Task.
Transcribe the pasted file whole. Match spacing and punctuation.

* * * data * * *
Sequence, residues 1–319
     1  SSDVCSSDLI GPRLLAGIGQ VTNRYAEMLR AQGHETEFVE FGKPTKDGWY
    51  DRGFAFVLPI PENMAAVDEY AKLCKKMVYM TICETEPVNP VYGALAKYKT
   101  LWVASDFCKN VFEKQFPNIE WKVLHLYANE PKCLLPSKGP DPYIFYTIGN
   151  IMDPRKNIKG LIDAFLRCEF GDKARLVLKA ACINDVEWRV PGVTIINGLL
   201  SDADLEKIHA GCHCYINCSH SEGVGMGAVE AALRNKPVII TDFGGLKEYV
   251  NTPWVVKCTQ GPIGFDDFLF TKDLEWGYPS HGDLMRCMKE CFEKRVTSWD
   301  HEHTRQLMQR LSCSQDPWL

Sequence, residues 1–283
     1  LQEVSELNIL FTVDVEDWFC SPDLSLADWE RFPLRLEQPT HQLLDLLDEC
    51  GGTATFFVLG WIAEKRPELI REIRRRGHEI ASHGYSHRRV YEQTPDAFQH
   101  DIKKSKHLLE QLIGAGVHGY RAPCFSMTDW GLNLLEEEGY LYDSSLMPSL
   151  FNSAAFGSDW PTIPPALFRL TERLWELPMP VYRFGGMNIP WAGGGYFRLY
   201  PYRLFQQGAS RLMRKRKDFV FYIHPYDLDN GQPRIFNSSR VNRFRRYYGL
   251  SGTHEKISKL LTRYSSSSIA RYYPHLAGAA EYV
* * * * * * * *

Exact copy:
Sequence, residues 1–319
     1  SSDVCSSDLI GPRLLAGIGQ VTNRYAEMLR AQGHETEFVE FGKPTKDGWY
    51  DRGFAFVLPI PENMAAVDEY AKLCKKMVYM TICETEPVNP VYGALAKYKT
   101  LWVASDFCKN VFEKQFPNIE WKVLHLYANE PKCLLPSKGP DPYIFYTIGN
   151  IMDPRKNIKG LIDAFLRCEF GDKARLVLKA ACINDVEWRV PGVTIINGLL
   201  SDADLEKIHA GCHCYINCSH SEGVGMGAVE AALRNKPVII TDFGGLKEYV
   251  NTPWVVKCTQ GPIGFDDFLF TKDLEWGYPS HGDLMRCMKE CFEKRVTSWD
   301  HEHTRQLMQR LSCSQDPWL

Sequence, residues 1–283
     1  LQEVSELNIL FTVDVEDWFC SPDLSLADWE RFPLRLEQPT HQLLDLLDEC
    51  GGTATFFVLG WIAEKRPELI REIRRRGHEI ASHGYSHRRV YEQTPDAFQH
   101  DIKKSKHLLE QLIGAGVHGY RAPCFSMTDW GLNLLEEEGY LYDSSLMPSL
   151  FNSAAFGSDW PTIPPALFRL TERLWELPMP VYRFGGMNIP WAGGGYFRLY
   201  PYRLFQQGAS RLMRKRKDFV FYIHPYDLDN GQPRIFNSSR VNRFRRYYGL
   251  SGTHEKISKL LTRYSSSSIA RYYPHLAGAA EYV